To support the implementation of khapra beetle urgent actions, Agriculture.gov.au have developed two short videos to communicate:
• the risks Khapra beetle poses to Australia
• how to identify Khapra beetle
• the importance of sea container cleanliness
• how to maintain sea container cleanliness.
We welcome you to watch and share the content with your contacts. You can watch the videos here:
Impact on the Imported Food Inspection Scheme (updated)
Date of effect: 14 September 2021
To advise importers and brokers that we are working to manage risks associated with the coronavirus (COVID-19) pandemic and to provide an update on current operations under the Imported Food Inspection Scheme (IFIS).
• The IFIS is currently fully operational including inspection officers and documentation assessment staff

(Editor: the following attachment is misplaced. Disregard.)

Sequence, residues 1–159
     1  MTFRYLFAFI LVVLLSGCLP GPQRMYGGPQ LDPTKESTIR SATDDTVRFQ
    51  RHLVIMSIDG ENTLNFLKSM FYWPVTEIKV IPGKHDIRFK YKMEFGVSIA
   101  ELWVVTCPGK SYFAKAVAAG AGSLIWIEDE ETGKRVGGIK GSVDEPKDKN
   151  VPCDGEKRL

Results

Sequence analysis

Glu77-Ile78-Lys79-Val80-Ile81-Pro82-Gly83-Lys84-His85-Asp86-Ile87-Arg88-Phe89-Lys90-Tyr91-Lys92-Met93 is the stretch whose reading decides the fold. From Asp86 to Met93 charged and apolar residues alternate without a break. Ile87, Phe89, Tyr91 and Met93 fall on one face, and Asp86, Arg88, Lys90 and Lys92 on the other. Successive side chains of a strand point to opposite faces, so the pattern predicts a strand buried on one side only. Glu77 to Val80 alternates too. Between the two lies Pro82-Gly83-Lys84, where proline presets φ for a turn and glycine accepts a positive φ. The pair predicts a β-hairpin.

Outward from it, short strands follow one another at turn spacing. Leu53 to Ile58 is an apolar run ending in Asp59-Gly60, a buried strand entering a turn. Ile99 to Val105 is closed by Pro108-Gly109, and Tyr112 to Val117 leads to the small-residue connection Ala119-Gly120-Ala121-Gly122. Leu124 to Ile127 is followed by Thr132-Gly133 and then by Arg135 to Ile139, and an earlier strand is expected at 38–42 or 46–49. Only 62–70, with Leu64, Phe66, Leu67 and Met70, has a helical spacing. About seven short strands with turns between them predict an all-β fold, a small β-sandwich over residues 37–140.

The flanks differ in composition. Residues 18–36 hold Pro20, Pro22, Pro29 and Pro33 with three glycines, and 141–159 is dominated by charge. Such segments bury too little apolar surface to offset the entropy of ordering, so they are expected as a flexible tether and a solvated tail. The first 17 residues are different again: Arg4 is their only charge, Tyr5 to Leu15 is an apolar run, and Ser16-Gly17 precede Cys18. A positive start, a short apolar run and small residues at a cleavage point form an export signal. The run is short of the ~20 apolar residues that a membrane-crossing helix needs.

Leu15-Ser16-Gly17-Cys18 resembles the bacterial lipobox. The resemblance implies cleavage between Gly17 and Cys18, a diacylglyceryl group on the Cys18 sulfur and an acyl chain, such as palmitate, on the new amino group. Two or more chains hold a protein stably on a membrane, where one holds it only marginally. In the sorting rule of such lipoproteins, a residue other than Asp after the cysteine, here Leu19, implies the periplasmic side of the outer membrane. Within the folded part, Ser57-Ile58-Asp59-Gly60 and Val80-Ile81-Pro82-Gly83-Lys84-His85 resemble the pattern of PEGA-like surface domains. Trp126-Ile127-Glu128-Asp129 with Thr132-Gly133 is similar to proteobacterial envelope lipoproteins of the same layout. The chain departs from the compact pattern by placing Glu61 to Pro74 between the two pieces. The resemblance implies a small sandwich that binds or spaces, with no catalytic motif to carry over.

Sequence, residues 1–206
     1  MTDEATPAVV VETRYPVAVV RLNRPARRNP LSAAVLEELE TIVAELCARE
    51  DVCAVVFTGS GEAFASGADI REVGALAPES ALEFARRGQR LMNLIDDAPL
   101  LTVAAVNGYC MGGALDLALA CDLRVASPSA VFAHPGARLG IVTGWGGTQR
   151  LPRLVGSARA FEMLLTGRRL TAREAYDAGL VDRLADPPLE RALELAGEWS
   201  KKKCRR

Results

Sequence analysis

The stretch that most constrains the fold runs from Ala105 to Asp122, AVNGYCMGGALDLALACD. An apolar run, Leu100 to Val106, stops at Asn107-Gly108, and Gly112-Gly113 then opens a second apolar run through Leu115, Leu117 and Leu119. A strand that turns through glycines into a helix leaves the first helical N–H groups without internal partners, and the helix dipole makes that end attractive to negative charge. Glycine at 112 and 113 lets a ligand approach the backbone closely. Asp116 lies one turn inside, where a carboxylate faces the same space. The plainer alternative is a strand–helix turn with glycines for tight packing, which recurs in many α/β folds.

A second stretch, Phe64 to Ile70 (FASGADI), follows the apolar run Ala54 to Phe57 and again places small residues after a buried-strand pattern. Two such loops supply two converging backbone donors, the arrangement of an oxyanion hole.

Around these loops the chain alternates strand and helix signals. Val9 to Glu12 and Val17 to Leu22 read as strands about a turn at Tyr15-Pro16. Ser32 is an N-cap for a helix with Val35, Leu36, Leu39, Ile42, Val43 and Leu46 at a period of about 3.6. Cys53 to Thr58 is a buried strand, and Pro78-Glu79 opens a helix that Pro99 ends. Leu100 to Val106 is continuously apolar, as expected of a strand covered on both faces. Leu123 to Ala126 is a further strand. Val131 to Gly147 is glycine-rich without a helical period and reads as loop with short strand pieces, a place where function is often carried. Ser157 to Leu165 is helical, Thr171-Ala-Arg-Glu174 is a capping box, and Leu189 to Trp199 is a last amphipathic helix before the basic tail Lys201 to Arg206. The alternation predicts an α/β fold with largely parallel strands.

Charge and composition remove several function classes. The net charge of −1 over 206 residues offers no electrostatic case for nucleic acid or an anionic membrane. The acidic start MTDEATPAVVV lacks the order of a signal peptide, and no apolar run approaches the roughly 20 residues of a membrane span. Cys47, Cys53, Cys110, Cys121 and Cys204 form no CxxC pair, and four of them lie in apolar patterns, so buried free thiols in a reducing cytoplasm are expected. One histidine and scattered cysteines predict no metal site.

• A range of safety practices have been implemented, including virtual inspections and the use of personal protective equipment in accordance with recommendations made by the Australian Department of Health to border agencies.
• These measures ensure adequate safeguards for inspectors, staff at businesses where inspections take place and other interactions with the broader community.
• Appointed analysts have advised there are currently no changes to the testing of food samples.
Kindly refer to the attached link for further information: https://www.agriculture.gov.au
Carriers have made various General Rate Increase (GRI) announcements to take effect mid-September / beginning of October. It is expected they will follow with Peak Season Surcharge (PSS) announcements in the not-too-distant future, as the demand on shipping shows no signs of relief.
European ports continue with challenges in berth waiting times, labour shortages and high terminal density. This place pressure on shipping line schedule integrity and makes it difficult for shippers to plan the loading of containers, owing to a continual shift of vessel arrival & departure dates.
Europe to New Zealand bookings remain difficult. We continue to rely on MSC as one of the very few carrier choices available. Most other shipping lines have announced booking suspensions, owing to congestion at transhipment ports or ongoing Auckland port congestion.